This past week, I was invited to an event presented by the Business Growth Hub and hosted by Avensure on how companies can supercharge their business by improving their green credentials.
The event was held at the Tesla showroom in Knutsford and featured a jam-packed panel with speakers from The National Trust, The Manchester Climate Agency, The Growth Company and The Big Partnership. Besides sharing a love of ‘The’ in the title of their companies, they are the ‘who’s who’ of ‘who cares’ about making your business a little bit greener.
The panel went as expected and a lot of good arguments were made for why businesses need to reduce their carbon footprint and why green is the new black. Although it may surprise you to hear that there isn’t a quick fix and it’s going to require an investment of time, money and energy that few SMEs will be able to afford.
The elephant in the room
The event was well attended, especially for a Thursday evening in Knutsford, discussing the same issues that were prevalent two years ago. The reason why so many people gave up their evening was the location of the event. Tesla.
The showroom featured only two Tesla models, the S and the X – the E must have been in the back. As someone who has written numerous articles about Tesla and their autonomous driving technology, I never really gave the aesthetics of the vehicle much thought. That was until I saw one in the flesh. Both models were stunning in their design, although the falcon wings on the X would appeal more to a footballer in Alderley Edge than Tina and her two kids at Tesco.
Considering how much we (and I assume others) go on about distractions while driving, it was still surprising to see a tablet built into the centre console that Tim Cook would be proud of. It’s bad enough that drivers can still use mobile phones while driving, but when you put, what is essentially, an iPad Pro at your drivers’ fingertips do you really expect them not to use it while driving?
Gone in 2.3 seconds
As the panel took place my eyes were pulled to a large screen behind the panellists. A presentation rolled through featuring stats that would make a nun use the lords name in vain. 0-60 in 2.3 seconds, 385 miles on a single charge, self-diagnostics on faults and being able to book your next service via the Tesla pad (trademark, probably) all mounted up to the type of green thinking business owners could get behind.
Charging points litter the country and Tesla’s promise of more super charging points that can take your car to 50% in 20 minutes or 100% in 75 minutes, alleviate some of the cons of electric vehicles. Regardless, it’s not the speed, energy consumption or design that makes me excited about the car, it’s something else entirely.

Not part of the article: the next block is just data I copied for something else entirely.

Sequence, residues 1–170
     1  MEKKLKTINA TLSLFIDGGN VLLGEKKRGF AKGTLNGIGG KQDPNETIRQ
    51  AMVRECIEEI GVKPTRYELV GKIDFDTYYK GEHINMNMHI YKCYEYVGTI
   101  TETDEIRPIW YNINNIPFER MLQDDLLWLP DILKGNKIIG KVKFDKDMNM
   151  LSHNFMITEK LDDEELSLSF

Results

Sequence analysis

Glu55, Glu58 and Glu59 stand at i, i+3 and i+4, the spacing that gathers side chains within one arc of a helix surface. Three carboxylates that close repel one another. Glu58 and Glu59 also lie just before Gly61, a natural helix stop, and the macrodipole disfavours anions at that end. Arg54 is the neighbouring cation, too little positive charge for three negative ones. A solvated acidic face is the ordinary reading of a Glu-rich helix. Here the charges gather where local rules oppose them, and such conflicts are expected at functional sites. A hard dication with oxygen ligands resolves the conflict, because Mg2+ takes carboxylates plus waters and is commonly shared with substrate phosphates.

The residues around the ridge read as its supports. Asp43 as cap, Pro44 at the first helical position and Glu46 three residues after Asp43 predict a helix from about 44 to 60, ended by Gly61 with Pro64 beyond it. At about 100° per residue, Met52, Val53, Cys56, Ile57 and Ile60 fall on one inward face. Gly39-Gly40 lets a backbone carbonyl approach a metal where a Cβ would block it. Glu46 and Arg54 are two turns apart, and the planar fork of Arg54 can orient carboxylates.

During a moment with a Tesla staff member, I pressed him on the subject of autonomous driving. I wasn’t interested in cruise control or automated parking, I wanted to know when the car would be able to go and pick up my kids from school and bring them back while I made the tea (I’m a modern man). Imagine my surprise when he told me that was possible now.
Tesla vehicles have five levels of automated driving. We are currently enjoying level two / three, whereby the car can drive itself but someone must be able to take control at a moment’s notice. Level five is the ability for the car to drive itself without the need for someone to take control at any point in the journey, technically the driver doesn’t even need to be in the car.
The employee, who I shall not name for legal reasons and my failure to ask him what it was, told me that level five was a simple flick of a switch (figuratively), but they are unable to do this until insurance companies agree on how to cover cars using this method. For example, how do you claim against a driver when it’s possible there isn’t one?
Elon Musk believes it’ll be two years till we’re in a level five position. Personally, I think that’s wishful thinking from someone who is looking to sell more cars. I see no incentive for insurance companies to give this any serious thought, especially considering the potential headaches it is likely to cause.
With impressive tech comes eye watering numbers. If you want the Tesla Model S, (the one throwing up the impressive numbers), you’re looking at a cash price in the range of £122,000. Alternatively, you may want the Model X with all the bells and whistles and the falcon wing doors to impress Tina at Tesco’s, better add a further £16k to the Model S price.
While you are inevitably going to save money down the line on petrol and road tax, the future of automated and luxurious driving is still going to be a way off for the majority. The idea that driverless cars will become the norm is a future that seems as attainable as Donald Trump suddenly becoming unimpeachable.
My belief is that manufacturers are holding back on releasing this tech in their vehicles until they know that insurance companies are in a position to cover it. Without them, it would be the equivalent of making the world’s greatest carrot cake for someone with a nut allergy.
The future is truly in the hands of Tesla, how they make their vehicles accessible to the wider public will be the difference between progression and privilege.
Oh, and before I forget, your company should think about their Corporate Social Responsibility (CSR), and also get a Tesla.